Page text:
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Spending a lot on healthcare, and most other things, is the American way

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Tyler Cowen writes in Bloomberg News that Americans spend so much on health care in part because they are  traditionally big spenders, not big savers, in most areas of their economic lives.

“As outlined by the blog Random Critical Analysis, U.S. health-care expenditures go well beyond what the U.S.’s relatively high per capita GDP might lead us to expect. But viewed through the lens of consumption behavior, American health-care spending is typical of this nation’s habits and mores. Relative to GDP, Americans consume a lot more than Europeans, and our health-care spending is another example of that tendency.”

“Consumption in the U.S., per capita, measures about 50 percent higher than in the European Union. American individuals command more resources than people in countries such as Norway or Luxembourg, which have higher per capita GDP. The same American consumption advantage is evident if you look at dwelling space per person or the number of appliances in a typical home.”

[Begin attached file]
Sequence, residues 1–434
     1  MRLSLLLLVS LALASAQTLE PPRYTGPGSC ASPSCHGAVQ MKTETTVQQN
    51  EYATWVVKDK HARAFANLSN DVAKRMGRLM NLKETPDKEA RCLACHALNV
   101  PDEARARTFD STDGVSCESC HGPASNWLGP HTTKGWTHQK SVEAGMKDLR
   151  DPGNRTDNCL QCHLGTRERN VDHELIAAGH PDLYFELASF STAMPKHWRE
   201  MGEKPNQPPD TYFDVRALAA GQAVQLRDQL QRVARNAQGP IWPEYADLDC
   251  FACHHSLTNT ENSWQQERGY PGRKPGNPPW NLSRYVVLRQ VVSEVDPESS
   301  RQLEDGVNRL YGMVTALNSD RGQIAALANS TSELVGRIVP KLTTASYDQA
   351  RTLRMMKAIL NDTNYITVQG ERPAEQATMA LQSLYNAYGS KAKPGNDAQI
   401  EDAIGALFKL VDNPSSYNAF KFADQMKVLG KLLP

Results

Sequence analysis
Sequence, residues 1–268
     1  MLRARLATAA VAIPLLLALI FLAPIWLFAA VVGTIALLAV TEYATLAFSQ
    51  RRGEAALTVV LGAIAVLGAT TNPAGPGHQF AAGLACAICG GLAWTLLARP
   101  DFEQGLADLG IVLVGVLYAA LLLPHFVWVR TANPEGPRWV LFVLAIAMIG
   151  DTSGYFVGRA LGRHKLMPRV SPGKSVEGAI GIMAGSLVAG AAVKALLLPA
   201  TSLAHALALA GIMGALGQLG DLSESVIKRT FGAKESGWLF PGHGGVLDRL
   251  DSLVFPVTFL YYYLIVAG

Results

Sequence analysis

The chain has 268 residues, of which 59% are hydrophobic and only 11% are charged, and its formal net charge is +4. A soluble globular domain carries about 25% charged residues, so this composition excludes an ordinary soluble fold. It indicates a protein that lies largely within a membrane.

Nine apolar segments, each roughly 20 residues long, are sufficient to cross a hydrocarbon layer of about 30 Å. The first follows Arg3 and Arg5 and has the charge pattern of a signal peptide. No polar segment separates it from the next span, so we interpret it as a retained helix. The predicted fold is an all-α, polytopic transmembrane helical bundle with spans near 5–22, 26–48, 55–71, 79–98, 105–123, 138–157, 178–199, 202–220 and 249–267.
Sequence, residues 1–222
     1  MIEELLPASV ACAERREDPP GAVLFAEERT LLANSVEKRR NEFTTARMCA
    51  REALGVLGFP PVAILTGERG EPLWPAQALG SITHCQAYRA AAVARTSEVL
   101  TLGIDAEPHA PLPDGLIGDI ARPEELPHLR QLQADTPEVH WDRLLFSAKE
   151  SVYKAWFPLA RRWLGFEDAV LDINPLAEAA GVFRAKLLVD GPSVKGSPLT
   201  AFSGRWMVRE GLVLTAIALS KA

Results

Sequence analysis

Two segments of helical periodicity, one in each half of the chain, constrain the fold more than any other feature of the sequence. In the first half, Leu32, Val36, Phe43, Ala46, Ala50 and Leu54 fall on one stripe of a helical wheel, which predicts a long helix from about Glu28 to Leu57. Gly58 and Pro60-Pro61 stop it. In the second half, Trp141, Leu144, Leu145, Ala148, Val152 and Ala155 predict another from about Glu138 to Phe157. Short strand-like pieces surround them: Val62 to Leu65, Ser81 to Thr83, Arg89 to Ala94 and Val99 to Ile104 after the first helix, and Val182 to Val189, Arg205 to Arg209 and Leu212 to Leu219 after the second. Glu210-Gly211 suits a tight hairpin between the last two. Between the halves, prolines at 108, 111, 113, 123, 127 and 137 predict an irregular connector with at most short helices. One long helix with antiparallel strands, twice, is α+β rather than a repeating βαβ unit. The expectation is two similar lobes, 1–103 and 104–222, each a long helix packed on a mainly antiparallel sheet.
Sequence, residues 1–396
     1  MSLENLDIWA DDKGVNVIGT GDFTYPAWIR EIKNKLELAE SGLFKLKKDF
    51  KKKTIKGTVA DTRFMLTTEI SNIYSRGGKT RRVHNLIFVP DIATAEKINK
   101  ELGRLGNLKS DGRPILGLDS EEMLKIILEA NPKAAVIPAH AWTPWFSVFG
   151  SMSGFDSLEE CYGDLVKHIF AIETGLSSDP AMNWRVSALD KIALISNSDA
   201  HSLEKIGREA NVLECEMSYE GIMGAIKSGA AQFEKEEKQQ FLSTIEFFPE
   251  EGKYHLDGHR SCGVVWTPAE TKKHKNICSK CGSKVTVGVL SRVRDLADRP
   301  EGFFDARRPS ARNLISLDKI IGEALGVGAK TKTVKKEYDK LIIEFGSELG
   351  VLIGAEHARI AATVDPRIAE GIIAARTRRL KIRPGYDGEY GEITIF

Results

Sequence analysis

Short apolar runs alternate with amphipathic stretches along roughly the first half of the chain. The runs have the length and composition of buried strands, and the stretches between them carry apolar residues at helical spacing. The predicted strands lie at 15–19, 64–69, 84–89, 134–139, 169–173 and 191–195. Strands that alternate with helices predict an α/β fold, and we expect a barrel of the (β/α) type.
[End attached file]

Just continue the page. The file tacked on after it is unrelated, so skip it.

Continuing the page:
“{W}e would be better off if we had a less consumerist, more philosophical, and indeed more spartan approach to our health and well-being. That would lead to less over-treatment, less strain on health-care resources, and in the longer run a healthier nation with a sounder fiscal position for the federal government.

“But I just don’t see this nation on the verge of such a change, and so the message here is somewhat pessimistic. Americans love their personal consumption, and household savings rates have been mostly falling since the early 1980s. Those are long-term cultural trends that no health-care policy will reverse. ”

To read Mr. Cowen’s piece, please hit this link.

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